Hubble Space Telescope spots star that survived violent explosion of neighbor

An artist's depiction of a supernova blasting a companion star, seen in the lower right.
An artist's depiction of a supernova blasting a companion star, seen in the lower right. (Image credit: NASA, ESA, Leah Hustak (STScI))

NASA's most iconic space telescope has spotted a star that survived the violent death of its companion. 

When a massive star reaches the end of its life, it explodes in a brilliant burst of light, also known as a supernova. This bright explosion can briefly outshine entire galaxies, which is how the star's surviving partner remained hidden from view — until now. Using the Hubble Space Telescope's Wide Field Camera 3, researchers were able to study the supernova, dubbed SN 2013ge, in ultraviolet light. The scientists found that while the light from the bright stellar explosion has been fading since 2016, another nearby source of ultraviolet light has maintained its brightness over time, suggesting SN 2013ge has a surviving binary companion, according to a statement from NASA.

"This was the moment we had been waiting for, finally seeing the evidence for a binary system progenitor of a fully stripped supernova," Ori Fox, an astronomer from the Space Telescope Science Institute in Maryland and lead investigator on the Hubble research program, said in the statement. "The goal is to move this area of study from theory to working with data and seeing what these systems really look like."

Related: The best Hubble Space Telescope images of all time!

Using the Hubble data, astronomers were able to identify the signature of various elements in the supernova explosion. Strangely, no hydrogen was detected in the region of SN 2013ge, leaving scientists to guess at how the gas might have been stripped away before the explosion occurred. 

The observations shed new light on the nature of massive stars in binary systems. Observations of SN 2013ge also help explain how some stars are stripped of their hydrogen pre-supernova, which, in this case, is the result of an unseen stellar companion siphoning gas from its partner before it explodes, according to the statement. 

Hubble observations show that the supernova SN 2013ge has faded over time, suggesting the steady source of ultraviolet light emanates from its binary companion star. (Image credit: NASA, ESA, Ori Fox (STScI)/Joseph DePasquale (STScI))

"In recent years many different lines of evidence have told us that stripped supernovas are likely formed in binaries, but we had yet to actually see the companion," Maria Drout, an astronomer on the team from the University of Toronto in Canada, said in the statement.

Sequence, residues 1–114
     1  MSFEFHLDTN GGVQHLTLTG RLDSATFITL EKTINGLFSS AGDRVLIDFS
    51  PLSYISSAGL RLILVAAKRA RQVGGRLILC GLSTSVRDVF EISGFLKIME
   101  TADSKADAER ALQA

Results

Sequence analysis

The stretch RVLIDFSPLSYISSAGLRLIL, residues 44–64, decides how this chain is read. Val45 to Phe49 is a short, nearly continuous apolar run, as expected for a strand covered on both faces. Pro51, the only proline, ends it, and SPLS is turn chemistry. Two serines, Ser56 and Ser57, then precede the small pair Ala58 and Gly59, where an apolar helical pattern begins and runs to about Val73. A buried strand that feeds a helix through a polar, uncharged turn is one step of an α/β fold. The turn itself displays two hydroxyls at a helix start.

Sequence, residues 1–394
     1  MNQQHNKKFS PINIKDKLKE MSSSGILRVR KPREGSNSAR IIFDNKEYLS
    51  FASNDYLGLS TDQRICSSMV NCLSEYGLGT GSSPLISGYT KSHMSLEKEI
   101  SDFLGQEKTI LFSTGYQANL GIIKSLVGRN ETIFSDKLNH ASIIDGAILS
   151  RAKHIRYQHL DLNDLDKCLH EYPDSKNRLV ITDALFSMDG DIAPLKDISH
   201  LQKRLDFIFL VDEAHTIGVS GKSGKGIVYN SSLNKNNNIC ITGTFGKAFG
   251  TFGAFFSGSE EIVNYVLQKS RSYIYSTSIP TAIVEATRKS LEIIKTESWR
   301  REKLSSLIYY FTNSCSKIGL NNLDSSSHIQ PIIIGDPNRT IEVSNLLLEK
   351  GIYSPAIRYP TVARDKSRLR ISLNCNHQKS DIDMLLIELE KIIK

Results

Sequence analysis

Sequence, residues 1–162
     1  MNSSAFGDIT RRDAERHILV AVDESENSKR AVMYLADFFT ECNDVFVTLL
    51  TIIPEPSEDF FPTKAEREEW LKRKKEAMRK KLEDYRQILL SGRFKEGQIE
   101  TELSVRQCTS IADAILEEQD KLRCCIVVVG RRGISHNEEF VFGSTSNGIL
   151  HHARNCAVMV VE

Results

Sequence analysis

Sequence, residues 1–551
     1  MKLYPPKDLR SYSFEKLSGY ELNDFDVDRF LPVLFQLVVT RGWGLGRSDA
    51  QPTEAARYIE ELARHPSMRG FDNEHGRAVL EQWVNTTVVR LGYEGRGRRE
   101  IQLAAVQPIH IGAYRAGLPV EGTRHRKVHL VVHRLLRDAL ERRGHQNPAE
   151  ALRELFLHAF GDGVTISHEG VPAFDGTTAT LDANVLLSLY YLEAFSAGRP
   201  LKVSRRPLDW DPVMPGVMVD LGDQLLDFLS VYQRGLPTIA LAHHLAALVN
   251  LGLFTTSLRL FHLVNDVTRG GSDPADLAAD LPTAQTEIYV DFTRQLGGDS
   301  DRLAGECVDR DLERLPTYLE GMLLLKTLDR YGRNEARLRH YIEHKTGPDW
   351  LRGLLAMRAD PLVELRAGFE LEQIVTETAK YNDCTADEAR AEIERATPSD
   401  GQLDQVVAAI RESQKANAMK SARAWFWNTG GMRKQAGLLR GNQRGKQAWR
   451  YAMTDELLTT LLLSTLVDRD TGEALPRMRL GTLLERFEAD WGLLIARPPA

"So much of studying cosmic explosions is like forensic science — searching for clues and seeing what theories match," Drout added. "Thanks to Hubble, we are able to see this directly." 

Astronomers can now use SN 2013ge's surviving companion to better understand the characteristics of the star that exploded, which has since become a compact object, such as a neutron star or black hole. The companion star will likely experience a similar fate, given that it, too, is a massive star. 

An artist's illustration of how massive binary stars form and evolve, before exploding as bright supernovas. Panels 1-3 show what has already occurred in the system that contains SN 2013ge, with one star reaching its red giant stage while its companion star siphons off its hydrogen. The red giant then explodes without destroying the companion star Panels 4-6 show what may take place in the future, with the companion undergoing a similar, explosive fate.   (Image credit: NASA, ESA, Leah Hustak (STScI))

Now, the researchers will be able to track the surviving star's evolution. Depending on the distance between the original companion stars, the surviving partner will either be flung out of the system — which could help explain why solitary supernovas are observed across the universe — or continue orbiting its companion before merging to create gravitational waves. However, such an event would not occur for a billion years, the researchers said.  

"Understanding the lifecycle of massive stars is particularly important to us because all heavy elements are forged in their cores and through their supernovae," Alex Filippenko, co-author of the study and an astronomer at the University of California at Berkeley, said in the statement. "Those elements make up much of the observable universe, including life as we know it." 

Their findings were published April 13 in The Astrophysical Journal Letters.

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Samantha Mathewson
Contributing Writer

Samantha Mathewson joined as an intern in the summer of 2016. She received a B.A. in Journalism and Environmental Science at the University of New Haven, in Connecticut. Previously, her work has been published in Nature World News. When not writing or reading about science, Samantha enjoys traveling to new places and taking photos! You can follow her on Twitter @Sam_Ashley13.